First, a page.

[notice]user_main.c:270 tuya sdk version:1.0.6
[notice]user_main.c:275 tuya sdk compiled at Jul 26 2017 15:27:36
[notice]user_main.c:277 BV:5.20 PV:2.1 LPV:3.1
reset reason: 0
epc1=0x00000000, epc2=0x00000000, epc3=0x00000000, excvaddr=0x00000000,depc=0x00000000
mode : softAP(de:4f:22:2c:76:93)
dhcp server start:(ip:,mask:,gw:
add if1
bcn 100
bcn 0
del if1
mode : sta(dc:4f:22:2c:76:93)
add if0

[notice]device.c:1694 fireware info name:esp_hys_qx_single_light_jlplug version:1.0.0
[notice]device.c:1695 PID=gDYvLrWhRoqpgHMj

[notice]device.c:1696 FW Compiled date:Feb  5 2018
[notice]gw_intf.c:240 Authorization success
[notice]device.c:1722 ##  AUTH DONE ##

[err]bl0937.c:1013 ### get_coefficient get err: 28
[err]device.c:1767 get ele data err...
[err]device.c:1772 get tem ele data err...
del if0
mode : null
force slp enable,type: 2
fpm open,type:2 0
[notice]device.c:2041  # STAT_STA_UNCONN STAT_LOW_POWER#

[notice]device.c:2042  # STAT_STA_CONN #

[notice]device.c:648 #####I_VAL:0#####

[notice]device.c:654 ***************************Check Start 1**********************************
[notice]device.c:655 ### cur:0 mA power:0 W vol:0 V
[notice]device.c:656 ****************************Check Stop**********************************

Next I took the remaining unknown pins and tried grounding them on boot, in an attempt to find GPIO0 (which needs to be grounded to access the ROM serial bootloader). I ended up finding GPIO2 first, and then eventually figuring out the LED was using GPIO0 - learning the lesson not to assume pins don’t have multiple uses. Now I had TX + GPIO0 I could hold GPIO0 on boot and look for RX by probing the remaining pins and seeing if esptool could talk to the bootloader. Again, I was successful.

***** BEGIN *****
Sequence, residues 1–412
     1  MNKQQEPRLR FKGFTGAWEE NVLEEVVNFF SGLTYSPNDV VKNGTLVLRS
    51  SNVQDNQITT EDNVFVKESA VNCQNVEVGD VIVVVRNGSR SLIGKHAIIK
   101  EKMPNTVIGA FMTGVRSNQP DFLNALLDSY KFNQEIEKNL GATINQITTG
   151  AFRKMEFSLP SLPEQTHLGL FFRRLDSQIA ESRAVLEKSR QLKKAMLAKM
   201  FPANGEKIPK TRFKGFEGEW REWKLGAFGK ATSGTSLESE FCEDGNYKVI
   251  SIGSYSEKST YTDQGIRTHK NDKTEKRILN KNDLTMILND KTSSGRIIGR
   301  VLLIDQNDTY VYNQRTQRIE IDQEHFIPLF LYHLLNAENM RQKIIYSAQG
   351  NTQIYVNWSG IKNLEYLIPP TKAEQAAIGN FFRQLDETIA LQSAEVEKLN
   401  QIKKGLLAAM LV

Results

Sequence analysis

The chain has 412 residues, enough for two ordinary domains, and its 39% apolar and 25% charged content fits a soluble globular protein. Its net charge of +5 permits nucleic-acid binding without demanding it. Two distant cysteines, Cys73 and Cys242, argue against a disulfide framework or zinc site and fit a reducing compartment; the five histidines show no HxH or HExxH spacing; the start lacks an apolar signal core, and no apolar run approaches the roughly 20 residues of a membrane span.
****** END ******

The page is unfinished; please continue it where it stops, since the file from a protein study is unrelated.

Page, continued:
At that point I was able to download the firmware from flash, and poke it in the hope of working out the GPIO assignments (I’m a software guy, I’m happier with an assembly dump than probing randomly around a board in the hope of enlightenment). I generated a crude .elf from the flash dump using esp-bin2elf, hacking it up to cope better with an OTA ROM image and skip the boot loader. I initially used objdump to examine the result, which wasn’t that helpful, and then found ScratchABit, which made things much easier. What would have been ideal is some way to load in the .a static libraries from the SDK and automatically map those to the code; as well as providing some useful symbols it would have avoided work looking at functions that were irrelevant. The ESP8266 seems to want various levels of indirection to access functions and memory locations so it’s not just a simple matter of looking for an I/O request to a specific location, but I was able to figure out that the button was on GPIO13 and the relay on GPIO15.